Robert Gray: Fresh Water for Flowers in a Time of 'Lockdown Reads'

The way one closes a novel one has fallen in love with. A novel that's a friend from whom it's hard to part, because one wants it close by, in arm's reach.

--from Fresh Water for Flowers by Valérie Perrin, translated by Hildegarde Serle (Europa Editions)

What's your favorite "lockdown read" thus far in the time of pandemic? This is at once a hard and beautiful question, perhaps more so because this week I'm writing about a brilliant novel in which the main character, Violette, is a cemetery caretaker--in every sense of the term--in a small French town.

I've had a few great lockdown reads since last spring, but Fresh Water for Flowers was my first in 2021. I didn’t find it as quickly as I should have. The novel, which will be released in paperback next month, was published in the U.S. last July. Despite being an Indies Introduce and Indie Next pick, as well as garnering many bookseller endorsements, it had a relatively quiet HC debut here, even as the book was striking a chord with European readers. An international bestseller, it reached #1 in Italy and in France, and was dubbed 2020's favorite "lockdown novel."

Describing the book as "a publishing sensation," Il Post reported (trans. by Europa editor Edoardo Andreoni) that although the novel, published in Italy by E/O editions, "was released to little fanfare in the summer of 2019, it became the 'lockdown novel' for tens of thousands of readers.... Not because Fresh Water for Flowers deals with grief--something that many people are experiencing right now--but because of the hiatus in the release of new books and, paradoxically, the closure of brick-and-mortar bookstores, which lent greater importance to the advice of booksellers."

A stack of Fresh Water for Flowers at Libreria Lovat in Villorba.

"It benefited from the lack of new releases, which gave more space to the books that were already out," said Nicolò Lovat of Libreria Lovat in Villorba. "All booksellers read it and recommended it when we started doing direct-to-home sales. We almost struggled to keep up with demand: the book exploded."

Europa Editions editor-in-chief Michael Reynolds recalled: "As Fresh Water started to really gain momentum abroad last year, I confess to feeling as if we had failed it. It came out at what might have been the hardest time for debut novels in translation published by indie presses in the last decade, during the first few months of the pandemic and lockdown. But it succeeded abroad even during lockdown in a way that we couldn't seem to make happen here in the U.S. All this despite strong indie bookseller support and some vociferous supporters. We tried everything, but we couldn't get it into the hands of enough readers to really kickstart word-of-mouth. But slowly, slowly it has been gaining momentum, and now with the paperback coming out, I feel we have a real shot at getting it to its readers. I don't want to overstate it, but I think this is a book that slews of readers will not only adore but that they need after this complicated year."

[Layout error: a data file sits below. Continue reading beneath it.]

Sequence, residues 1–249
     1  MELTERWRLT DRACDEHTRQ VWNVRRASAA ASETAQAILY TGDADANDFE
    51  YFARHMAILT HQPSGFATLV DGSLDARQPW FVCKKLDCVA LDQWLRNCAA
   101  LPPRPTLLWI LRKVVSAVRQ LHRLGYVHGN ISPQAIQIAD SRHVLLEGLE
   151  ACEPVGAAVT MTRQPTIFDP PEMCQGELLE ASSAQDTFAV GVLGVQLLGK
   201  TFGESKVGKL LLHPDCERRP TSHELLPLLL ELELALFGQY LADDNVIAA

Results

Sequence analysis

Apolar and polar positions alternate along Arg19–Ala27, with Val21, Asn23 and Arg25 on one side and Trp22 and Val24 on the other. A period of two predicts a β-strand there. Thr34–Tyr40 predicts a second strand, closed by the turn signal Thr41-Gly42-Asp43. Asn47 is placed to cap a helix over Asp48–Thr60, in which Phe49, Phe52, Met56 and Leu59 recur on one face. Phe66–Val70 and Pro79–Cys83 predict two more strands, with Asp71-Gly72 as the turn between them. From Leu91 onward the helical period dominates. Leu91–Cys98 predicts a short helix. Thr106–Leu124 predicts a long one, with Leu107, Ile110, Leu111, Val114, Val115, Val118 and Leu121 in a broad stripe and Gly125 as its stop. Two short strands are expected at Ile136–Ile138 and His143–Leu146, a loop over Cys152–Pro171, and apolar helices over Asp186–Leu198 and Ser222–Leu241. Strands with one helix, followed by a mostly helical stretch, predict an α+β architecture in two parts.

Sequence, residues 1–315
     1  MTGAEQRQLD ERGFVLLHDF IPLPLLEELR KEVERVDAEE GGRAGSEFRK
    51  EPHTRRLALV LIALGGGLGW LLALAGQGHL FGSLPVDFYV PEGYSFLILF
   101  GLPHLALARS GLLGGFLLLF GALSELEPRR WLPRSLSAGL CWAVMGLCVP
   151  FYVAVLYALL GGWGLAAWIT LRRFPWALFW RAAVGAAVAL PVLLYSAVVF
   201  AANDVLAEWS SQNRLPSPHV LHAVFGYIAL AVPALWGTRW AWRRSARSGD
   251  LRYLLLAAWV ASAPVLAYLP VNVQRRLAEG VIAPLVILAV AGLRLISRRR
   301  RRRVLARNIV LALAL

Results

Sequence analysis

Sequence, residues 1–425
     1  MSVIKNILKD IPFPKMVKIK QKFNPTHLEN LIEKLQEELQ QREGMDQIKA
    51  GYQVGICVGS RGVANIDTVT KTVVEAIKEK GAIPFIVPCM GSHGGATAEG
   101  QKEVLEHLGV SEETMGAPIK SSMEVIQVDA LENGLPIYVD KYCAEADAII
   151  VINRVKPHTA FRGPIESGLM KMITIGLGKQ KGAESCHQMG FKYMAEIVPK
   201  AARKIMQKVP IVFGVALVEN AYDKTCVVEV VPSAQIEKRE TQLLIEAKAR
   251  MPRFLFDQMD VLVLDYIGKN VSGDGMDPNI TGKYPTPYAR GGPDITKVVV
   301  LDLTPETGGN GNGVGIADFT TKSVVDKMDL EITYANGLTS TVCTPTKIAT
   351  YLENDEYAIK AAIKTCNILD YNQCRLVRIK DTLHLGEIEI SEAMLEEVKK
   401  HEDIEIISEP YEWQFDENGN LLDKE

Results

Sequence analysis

Sheryl Cotleur

Sheryl Cotleur of Copperfield's Books, Sebastopol, Calif., agreed: "What captured me about this absolutely wonderful novel is how it authentically covers pretty much all the varieties of emotion and experience. It's a lyrical love story but with a tragedy at center. It's quirky in all the right ways.... But overall it's a novel, beguiling in its ability to draw readers in to deeply caring about each character--or at least be deeply curious. After I read my galley I pushed it on two dear colleagues both of whom work at neighboring bookstores and both of them loved it and increased their orders so we could all hand sell it madly. Fresh Water for Flowers is that marvelous kind of novel that is a well told tale with people you wish you could know forever."

Describing the book as "one of my favorites," Stephanie Crowe of Page and Palette Bookstore, Fairhope, Ala., said: "What impressed me the most was the character, Violette. I was captivated by her personality. All of the characters were so uniquely drawn. We have a Europa bookclub and reviewed this book when it was first released. Everyone loved it! I have been passionate about it and have sold many copies and everyone that has read it has loved it! Beautiful writing and a lovely story that is not afraid to capture life. I think the paperback will do extremely well. It is a must read as far as I'm concerned."

Rachel Watkins

Rachel Watkins of Avid Bookshop, Athens, Ga., added: "I'm trying to read more translated works, and Fresh Water for Flowers was absolutely delightful. The luscious descriptions of the gardens and the tombstone inscriptions set such a peaceful mood for the various visitors to Violette's cemetery. To be honest, the hardcover didn't sell very well for us and I can't wait for it to be in paperback. We send our paperback books for our very successful subscriptions program, and I've been anxious to get this into the mailboxes of several of our subscribers! It's just a perfect novel with several love stories and mysteries and just luscious writing."

"Why do books attract us the way people do?" Violette wonders. "Why are we drawn to covers like we are to a look, a voice that seems familiar, heard before, a voice that diverts us from our path, makes us look up, attracts our attention, and could change the course of our life?" Good questions. We know the answer.

--Robert Gray, editor
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